Paula Deen fans are showing their displeasure at the retailers and networks that dropped her by buttering them up. is reporting a campaign dubbed "Butter for Paula'' is encouraging Deen supporters to mail cleaned and folded butter wrappers to companies like Food Network, Home Depot and Walgreens, in protest over their decisions to sever ties with the celebrity chef in the controversy involving her admission of her past use of racial slurs. The campaign also lists addresses for all the company, including Food Network's Knoxville, Tennessee based headquarters.

Butter is one of Deen's trademark ingredients, and the campaign argues that "a company without Paula is like a wrapper without butter." The wrappers symbolize that her supporters are sticking with her. The campaign has been organized by John Schmitt, a hotel auditor in Indianapolis. Schmitt also started a Facebook page called "We support Paula Deen" on June 21 that has garnered more than 600,000 "likes."

The senders of the protest butter wrappers are encouraged to include their own note or one from the campaign's site that reads in part, "We're ashamed and outraged at the media's careless and negligent handling and reporting which has caused pain and devastation in so many innocent lives." The message then asks for Food Network to restore her contract and for retailers to again stock her product lines.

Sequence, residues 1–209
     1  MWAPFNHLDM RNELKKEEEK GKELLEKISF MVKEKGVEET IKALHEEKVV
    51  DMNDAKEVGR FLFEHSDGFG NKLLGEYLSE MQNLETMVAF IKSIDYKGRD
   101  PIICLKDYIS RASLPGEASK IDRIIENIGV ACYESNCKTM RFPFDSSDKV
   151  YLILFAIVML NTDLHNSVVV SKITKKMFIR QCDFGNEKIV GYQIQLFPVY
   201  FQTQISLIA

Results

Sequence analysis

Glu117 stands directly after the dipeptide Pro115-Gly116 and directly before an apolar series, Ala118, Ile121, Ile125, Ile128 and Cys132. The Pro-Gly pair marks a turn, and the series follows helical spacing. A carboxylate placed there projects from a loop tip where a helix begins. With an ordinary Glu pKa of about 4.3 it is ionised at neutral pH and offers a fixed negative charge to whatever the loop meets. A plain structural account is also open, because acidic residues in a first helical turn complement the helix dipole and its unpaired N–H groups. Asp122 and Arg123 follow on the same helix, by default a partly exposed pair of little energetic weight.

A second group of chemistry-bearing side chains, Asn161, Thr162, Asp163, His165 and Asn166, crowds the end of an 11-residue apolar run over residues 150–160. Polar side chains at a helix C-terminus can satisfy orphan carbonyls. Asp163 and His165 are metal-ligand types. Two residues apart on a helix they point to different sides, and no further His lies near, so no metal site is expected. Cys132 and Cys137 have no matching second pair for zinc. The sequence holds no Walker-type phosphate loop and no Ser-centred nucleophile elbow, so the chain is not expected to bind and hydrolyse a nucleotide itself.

Forbes last year ranked Deen the fourth highest-earning celebrity chef. She made $4.5 million in 2008 and has been on an upward climb every year since, banking $17 million in 2012, according to the magazine. Forbes wealth reporter Caleb Melby told that an estimated $2.5 million of Deen's earnings come from the Food Network, which was paying her about $50,000 an episode. The Smithfield deal, in which Deen served as a spokeswoman for the brand, including her own line of hams, since 2006, will likely cost her another $1 million to $2 million.

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